Frequently Asked Questions About Rotator Cuff Injuries

Frequently Asked Questions About Rotator Cuff Injuries

Frequently Asked Questions About Rotator Cuff Injuries

The rotator cuff is a cluster of 4 muscles and tendons which connect your humerus to your shoulder blade. The rotator cuff's job is to support the stability of your shoulder joint.

What is a rotator cuff injury?

Your rotator cuff can become aggravated or inflamed due to heavy lifting, trauma, or repetitive arm movements. A rotator cuff tear happens when wounds to the muscles or tendons provoke tissue damage or disturbance. These tears often evolve due to long-term overuse of your shoulder or a traumatic wound. A torn rotator cuff can also be combined with irritation or injuries of the biceps tendon or labral tears.

What does a torn rotator cuff feel like?

Rotator cuff tears can induce:

  • Limited movement and discomfort that limits your ability to conduct standard daily actions
  • A sense of heaviness or weakness in your arm
  • Incapacity to lift your arm to reach upward
  • Pain branching down the outside of your arm and top of your shoulder
  • Incapability to reach behind your back
  • Loss of shoulder motion

What does the diagnosis of a torn rotator cuff involve?

An expert will complete a comprehensive examination that includes assessing symptoms, evaluating the arm's range of motion, identifying any weakness, and conducting other special tests that might indicate a torn rotator cuff. For instance, the specialist might ask the patient to raise their injured arm, move it out to their side, or raise it and resist a force, all at distinct angles of elevation, that help diagnose the source of shoulder pain. In addition, these exams might demonstrate the demand for an MRI, ultrasound imaging, or a CT scan in some circumstances.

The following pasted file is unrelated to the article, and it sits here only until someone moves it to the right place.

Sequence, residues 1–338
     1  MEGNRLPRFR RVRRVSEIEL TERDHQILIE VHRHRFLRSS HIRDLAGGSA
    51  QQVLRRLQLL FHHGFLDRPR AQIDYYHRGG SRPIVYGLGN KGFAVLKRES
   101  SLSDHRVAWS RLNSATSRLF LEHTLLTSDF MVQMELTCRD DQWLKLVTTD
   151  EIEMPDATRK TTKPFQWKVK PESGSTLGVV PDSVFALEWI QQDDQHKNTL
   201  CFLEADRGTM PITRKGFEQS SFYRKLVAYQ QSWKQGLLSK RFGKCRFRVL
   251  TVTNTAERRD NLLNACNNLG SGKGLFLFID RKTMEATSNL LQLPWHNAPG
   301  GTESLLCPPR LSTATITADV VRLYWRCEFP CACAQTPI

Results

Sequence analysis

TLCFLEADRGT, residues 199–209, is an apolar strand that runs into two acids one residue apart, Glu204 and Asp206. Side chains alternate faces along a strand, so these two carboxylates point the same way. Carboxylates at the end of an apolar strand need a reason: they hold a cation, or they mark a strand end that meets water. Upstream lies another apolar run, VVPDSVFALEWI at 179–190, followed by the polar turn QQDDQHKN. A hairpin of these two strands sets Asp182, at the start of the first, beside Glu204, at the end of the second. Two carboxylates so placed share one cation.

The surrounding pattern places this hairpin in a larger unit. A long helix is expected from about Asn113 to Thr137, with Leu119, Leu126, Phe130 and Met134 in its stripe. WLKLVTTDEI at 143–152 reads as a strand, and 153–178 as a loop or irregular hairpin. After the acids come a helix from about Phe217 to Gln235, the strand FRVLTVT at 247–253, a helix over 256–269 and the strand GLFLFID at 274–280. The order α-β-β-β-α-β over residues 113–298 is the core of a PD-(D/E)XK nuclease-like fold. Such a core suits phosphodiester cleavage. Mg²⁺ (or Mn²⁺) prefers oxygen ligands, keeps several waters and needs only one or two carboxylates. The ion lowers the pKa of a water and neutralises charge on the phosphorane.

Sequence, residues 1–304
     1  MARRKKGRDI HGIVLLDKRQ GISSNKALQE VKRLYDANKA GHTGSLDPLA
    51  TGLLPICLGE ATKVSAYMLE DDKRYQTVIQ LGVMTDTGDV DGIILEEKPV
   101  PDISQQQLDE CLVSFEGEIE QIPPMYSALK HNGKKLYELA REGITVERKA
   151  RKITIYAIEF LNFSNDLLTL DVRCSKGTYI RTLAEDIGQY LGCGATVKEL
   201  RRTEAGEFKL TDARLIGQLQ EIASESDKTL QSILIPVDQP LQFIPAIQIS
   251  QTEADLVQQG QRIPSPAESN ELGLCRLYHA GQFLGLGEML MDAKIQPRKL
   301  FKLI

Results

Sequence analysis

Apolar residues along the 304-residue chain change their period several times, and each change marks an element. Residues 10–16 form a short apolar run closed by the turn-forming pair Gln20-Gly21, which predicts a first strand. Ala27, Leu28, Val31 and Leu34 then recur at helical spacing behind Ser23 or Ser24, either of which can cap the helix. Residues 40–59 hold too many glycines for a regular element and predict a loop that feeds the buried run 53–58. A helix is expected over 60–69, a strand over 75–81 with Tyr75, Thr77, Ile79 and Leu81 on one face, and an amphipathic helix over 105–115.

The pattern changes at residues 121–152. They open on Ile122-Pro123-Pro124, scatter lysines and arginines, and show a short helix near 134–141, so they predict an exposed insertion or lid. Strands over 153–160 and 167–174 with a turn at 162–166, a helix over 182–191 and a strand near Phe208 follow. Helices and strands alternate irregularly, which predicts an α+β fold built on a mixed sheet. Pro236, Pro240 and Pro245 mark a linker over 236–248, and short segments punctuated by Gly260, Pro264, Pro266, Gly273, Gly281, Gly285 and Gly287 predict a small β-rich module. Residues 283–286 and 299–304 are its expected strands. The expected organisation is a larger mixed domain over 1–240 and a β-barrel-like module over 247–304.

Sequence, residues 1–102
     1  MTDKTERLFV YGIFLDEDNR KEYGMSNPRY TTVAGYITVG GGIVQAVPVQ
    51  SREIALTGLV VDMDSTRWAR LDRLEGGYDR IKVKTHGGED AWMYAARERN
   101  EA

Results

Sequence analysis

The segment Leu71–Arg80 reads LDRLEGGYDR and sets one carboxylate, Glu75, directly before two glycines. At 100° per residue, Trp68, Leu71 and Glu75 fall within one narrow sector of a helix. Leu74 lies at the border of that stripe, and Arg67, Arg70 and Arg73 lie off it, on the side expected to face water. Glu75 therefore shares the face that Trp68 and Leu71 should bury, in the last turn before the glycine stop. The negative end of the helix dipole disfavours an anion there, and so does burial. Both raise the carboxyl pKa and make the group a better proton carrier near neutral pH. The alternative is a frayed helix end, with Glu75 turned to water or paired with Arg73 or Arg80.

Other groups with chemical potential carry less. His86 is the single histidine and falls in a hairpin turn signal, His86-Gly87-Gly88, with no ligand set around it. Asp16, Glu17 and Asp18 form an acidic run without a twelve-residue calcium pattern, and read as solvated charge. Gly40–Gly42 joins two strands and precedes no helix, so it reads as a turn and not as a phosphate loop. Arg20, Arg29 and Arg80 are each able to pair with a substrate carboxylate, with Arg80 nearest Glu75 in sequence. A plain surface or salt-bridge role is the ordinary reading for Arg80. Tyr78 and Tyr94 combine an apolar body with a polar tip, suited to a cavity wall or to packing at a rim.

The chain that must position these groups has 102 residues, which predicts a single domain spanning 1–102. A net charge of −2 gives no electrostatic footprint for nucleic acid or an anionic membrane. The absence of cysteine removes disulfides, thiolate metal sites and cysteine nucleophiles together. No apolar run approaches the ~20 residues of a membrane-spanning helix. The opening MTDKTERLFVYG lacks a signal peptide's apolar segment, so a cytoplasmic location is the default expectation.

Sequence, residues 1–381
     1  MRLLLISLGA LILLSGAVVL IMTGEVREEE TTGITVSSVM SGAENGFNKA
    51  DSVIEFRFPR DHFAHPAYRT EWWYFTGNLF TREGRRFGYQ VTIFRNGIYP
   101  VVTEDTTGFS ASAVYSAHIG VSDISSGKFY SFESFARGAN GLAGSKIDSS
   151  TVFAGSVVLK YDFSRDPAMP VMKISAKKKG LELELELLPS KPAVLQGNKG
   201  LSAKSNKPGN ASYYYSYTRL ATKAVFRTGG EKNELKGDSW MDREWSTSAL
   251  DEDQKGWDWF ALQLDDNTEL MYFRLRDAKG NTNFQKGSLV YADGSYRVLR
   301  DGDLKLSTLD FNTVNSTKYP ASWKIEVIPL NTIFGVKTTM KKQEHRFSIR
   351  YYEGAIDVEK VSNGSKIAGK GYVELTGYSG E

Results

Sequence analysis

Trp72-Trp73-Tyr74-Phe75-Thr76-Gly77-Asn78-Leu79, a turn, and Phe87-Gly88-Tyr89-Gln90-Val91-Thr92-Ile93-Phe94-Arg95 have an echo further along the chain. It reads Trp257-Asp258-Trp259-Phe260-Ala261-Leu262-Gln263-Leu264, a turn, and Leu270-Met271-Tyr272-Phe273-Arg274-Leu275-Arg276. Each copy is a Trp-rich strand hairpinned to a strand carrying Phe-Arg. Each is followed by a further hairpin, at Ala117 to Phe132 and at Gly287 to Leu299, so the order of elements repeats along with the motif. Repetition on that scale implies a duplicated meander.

What comes after the diagnosis?

Once a torn rotator cuff is diagnosed, the specialist will counsel on whether surgery is needed or you can manage the injury without it. If surgery is not required, physical therapy helps restore range of motion, muscle strength, and coordination so that you can continue regular movements. Modifying physical action may be necessary to reduce shoulder stress. If surgery is the sole option, your surgeon will recommend physical therapy before and after. It is vital to note that prompt treatment can hasten the therapeutic strategy and evade enduring impairment. We are here to help with counted and trustworthy expertise when the guidance of an orthopedic surgeon in Lake Mary is required.

Can a rotator cuff injury be avoided?

To detour developing a torn rotator cuff from existing shoulder problems, it is crucial to stop performing motions that may worsen the situation. Physical therapy can assist in strengthening rotator cuff muscles, supply education on sidestepping potentially harmful circumstances, and determine when it is suitable to return to everyday movements. In addition, rotator-cuff muscle and shoulder-blade support exercises can aid in avoiding potential damage to the rotator cuff, and overall strengthening and fitness agendas may improve shoulder fitness. It can also be valuable to avoid lying on your shoulder or resting on your side with your arm extended overhead. These positions can initiate the process that causes rotator cuff injury and may be associated with expanded pain levels. Contact us if you need help and guidance from a reliable orthopedic surgeon in Lake Mary or the surrounding areas.